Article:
Early access done right - Prison Architect is an early access game that is actually updating and has a team supporting it. There are consistent updates that actually add major features and improve the game, and this has been going on for a long time already. As it is an alpha, there are some bugs, which are actually being fixed. But aside from that, on to the game itself.
Players in Prison Architect are set to manage a prison, which as the name implies they get to design themselves. Once the facility is constructed, in part or completely - Your choice, the player can allow in prisoners and manage day to day operation. Arrange for the prisoner's schedules for when they work, eat, sleep and so on. But keep in mind, the prisoners don't want to stay in prison. Some may not try it unless you just plain allow them to walk out the front gate, but others are more active about their attempts to escape or make life suck less. They arrange for tools and drugs to be thrown in over your outer walls, they take knives from the kitchen if they can get to them, and they'll try to dig tunnels to get out.
Special attention is to be paid to the possibility of a riot. Prisoners can decide to start taking over, they can raid the armoury, knock down guards to take their stuff, or kill eachother. They aren't friendly people, most of the time.
And you need to make sure they don't fall right back into their criminal habits after they're released.
Teach them carpentry, send them to a basic education, treat their addictions...And make sure they don't think of your prison as a comfy hotel, it's not a vacation for them, it's a punishment.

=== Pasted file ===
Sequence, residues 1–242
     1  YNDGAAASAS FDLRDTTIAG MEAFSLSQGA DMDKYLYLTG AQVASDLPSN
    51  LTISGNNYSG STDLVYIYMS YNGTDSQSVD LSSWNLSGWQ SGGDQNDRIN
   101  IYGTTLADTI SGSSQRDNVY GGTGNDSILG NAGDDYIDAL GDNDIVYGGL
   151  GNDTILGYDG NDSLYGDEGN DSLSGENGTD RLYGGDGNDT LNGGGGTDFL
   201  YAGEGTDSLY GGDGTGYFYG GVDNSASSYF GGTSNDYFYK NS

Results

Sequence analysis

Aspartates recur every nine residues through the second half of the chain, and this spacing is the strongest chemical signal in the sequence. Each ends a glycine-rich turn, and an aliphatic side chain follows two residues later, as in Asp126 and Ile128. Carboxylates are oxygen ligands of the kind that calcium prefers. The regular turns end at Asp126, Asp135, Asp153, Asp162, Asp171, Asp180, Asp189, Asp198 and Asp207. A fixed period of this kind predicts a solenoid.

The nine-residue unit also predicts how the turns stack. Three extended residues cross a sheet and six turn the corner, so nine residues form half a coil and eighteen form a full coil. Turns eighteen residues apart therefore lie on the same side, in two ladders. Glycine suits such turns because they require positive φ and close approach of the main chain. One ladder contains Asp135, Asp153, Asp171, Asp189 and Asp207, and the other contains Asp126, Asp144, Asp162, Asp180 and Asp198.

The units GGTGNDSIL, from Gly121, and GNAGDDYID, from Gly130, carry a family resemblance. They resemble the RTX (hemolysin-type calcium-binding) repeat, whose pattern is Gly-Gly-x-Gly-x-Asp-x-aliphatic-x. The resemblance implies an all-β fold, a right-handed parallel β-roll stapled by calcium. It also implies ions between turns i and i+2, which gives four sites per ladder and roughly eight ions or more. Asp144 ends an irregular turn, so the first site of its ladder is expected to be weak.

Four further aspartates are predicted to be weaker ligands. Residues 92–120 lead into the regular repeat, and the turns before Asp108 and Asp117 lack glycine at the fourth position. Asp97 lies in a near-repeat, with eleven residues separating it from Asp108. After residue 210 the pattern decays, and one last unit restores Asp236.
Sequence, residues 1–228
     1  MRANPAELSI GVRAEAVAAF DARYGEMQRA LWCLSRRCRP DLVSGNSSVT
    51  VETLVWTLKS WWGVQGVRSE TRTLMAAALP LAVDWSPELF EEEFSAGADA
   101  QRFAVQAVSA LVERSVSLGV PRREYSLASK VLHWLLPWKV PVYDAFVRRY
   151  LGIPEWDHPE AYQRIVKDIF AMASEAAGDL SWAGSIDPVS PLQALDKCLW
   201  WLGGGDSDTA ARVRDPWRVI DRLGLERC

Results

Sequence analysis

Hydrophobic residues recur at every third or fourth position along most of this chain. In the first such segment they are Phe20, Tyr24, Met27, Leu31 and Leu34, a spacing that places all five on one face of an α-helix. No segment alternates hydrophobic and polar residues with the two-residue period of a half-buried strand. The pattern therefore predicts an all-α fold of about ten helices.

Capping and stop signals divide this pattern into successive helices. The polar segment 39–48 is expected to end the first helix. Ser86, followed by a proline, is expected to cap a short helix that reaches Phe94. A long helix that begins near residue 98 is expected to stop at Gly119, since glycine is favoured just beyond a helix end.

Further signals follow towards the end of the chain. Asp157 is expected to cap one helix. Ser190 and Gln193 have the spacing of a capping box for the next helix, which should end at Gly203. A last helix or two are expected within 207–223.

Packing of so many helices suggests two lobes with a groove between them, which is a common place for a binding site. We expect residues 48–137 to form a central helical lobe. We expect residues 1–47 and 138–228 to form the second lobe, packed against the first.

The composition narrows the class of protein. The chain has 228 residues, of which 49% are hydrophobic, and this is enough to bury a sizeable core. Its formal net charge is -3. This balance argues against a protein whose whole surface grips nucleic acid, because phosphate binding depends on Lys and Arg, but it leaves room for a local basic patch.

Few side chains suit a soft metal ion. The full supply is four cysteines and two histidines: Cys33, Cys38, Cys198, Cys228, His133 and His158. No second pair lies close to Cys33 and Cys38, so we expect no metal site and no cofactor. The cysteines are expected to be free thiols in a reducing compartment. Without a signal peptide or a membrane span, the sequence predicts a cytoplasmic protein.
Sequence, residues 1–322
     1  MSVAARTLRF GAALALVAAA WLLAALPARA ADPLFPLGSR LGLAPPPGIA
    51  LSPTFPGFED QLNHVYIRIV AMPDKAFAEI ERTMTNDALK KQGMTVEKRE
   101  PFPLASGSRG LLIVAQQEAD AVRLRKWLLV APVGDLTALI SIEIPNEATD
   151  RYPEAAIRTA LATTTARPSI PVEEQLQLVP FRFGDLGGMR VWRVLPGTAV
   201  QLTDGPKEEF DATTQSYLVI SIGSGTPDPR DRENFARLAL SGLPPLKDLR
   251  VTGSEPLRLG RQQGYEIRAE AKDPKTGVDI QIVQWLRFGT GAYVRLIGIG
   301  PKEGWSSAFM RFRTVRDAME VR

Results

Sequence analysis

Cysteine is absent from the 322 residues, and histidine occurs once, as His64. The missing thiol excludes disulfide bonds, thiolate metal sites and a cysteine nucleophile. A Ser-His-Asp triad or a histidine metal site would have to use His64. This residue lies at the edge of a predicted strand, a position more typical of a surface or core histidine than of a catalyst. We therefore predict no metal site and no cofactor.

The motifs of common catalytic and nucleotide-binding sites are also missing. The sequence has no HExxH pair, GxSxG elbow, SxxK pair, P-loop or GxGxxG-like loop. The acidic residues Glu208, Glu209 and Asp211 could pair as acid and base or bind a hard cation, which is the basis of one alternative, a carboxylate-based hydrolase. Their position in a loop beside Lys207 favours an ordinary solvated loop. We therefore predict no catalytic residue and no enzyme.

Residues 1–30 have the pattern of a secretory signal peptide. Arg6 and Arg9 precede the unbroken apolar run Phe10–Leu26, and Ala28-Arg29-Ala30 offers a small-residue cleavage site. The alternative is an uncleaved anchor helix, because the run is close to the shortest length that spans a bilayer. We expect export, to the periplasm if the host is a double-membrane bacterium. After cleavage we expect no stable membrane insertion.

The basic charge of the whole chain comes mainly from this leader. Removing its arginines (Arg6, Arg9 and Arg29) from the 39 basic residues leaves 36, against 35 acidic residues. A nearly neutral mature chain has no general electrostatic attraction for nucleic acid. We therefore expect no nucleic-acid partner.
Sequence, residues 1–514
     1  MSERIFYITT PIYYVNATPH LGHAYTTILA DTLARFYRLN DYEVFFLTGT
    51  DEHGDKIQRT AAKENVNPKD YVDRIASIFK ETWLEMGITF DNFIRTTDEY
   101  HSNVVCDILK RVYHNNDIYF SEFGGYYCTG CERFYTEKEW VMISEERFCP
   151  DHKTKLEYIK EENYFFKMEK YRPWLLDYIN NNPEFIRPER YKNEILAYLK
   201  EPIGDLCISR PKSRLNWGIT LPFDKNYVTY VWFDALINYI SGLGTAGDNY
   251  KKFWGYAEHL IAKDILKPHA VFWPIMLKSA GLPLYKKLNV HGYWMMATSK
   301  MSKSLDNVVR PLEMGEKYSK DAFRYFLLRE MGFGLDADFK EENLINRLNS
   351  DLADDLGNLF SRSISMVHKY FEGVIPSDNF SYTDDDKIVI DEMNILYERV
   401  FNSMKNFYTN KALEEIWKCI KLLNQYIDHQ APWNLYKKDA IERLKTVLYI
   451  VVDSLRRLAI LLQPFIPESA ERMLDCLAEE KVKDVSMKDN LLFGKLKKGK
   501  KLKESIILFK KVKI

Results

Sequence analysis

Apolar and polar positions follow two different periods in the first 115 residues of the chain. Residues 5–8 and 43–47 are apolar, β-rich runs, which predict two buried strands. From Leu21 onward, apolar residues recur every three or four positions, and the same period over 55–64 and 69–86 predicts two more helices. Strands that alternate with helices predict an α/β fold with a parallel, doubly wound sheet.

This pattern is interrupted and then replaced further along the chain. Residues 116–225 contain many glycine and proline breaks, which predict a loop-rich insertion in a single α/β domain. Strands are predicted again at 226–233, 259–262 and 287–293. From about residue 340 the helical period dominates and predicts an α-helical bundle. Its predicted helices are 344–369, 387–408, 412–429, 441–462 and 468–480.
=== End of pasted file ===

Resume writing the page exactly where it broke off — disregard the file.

Time for the sentences appears to pass at a rate of one year per ingame day, and while this may not sound like it will have prisoners last long enough to do anything, many of them are in for 20 or more years, and some may show up with part of their sentence already done.
Your income, as money does not grow on trees, comes from a few sources. A basic daily income, plus an income per prisoner, and income from the workshop. When you're teaching these prisoners a skill, you may as well profit from it, but of course, not all of them are bright enough to be able to learn workshop safety classes.
I have mentioned money does not grow on trees, but that was only partially correct. The trees are money, as the wood is cut into boards and sold, or taken to the advanced carpentry stations for prisoners to create furniture out of. While probably not intentional, you can play Logging Station Architect instead. You just never take any prisoners and just plant trees to sell the logs. It's a slow way of earning money, and it is not anywhere near as fast or satisfying as running a prison, but the option is there. You can also sell off a prison you already made and use the money to start a new one, which allows you to continue playing the sold prison as well, though you can only sell it once.
The graphics may take some getting used to, but they fit the game and make things easy enough to see what is going on and where things are. The graphics aren't bad, but they aren't shiny 3d models as most games use these days.
In the end, Prison Architect is a great management/prison simulation game with great support by a great developper, and I would recommend it for anyone who is interested in management or simulation style games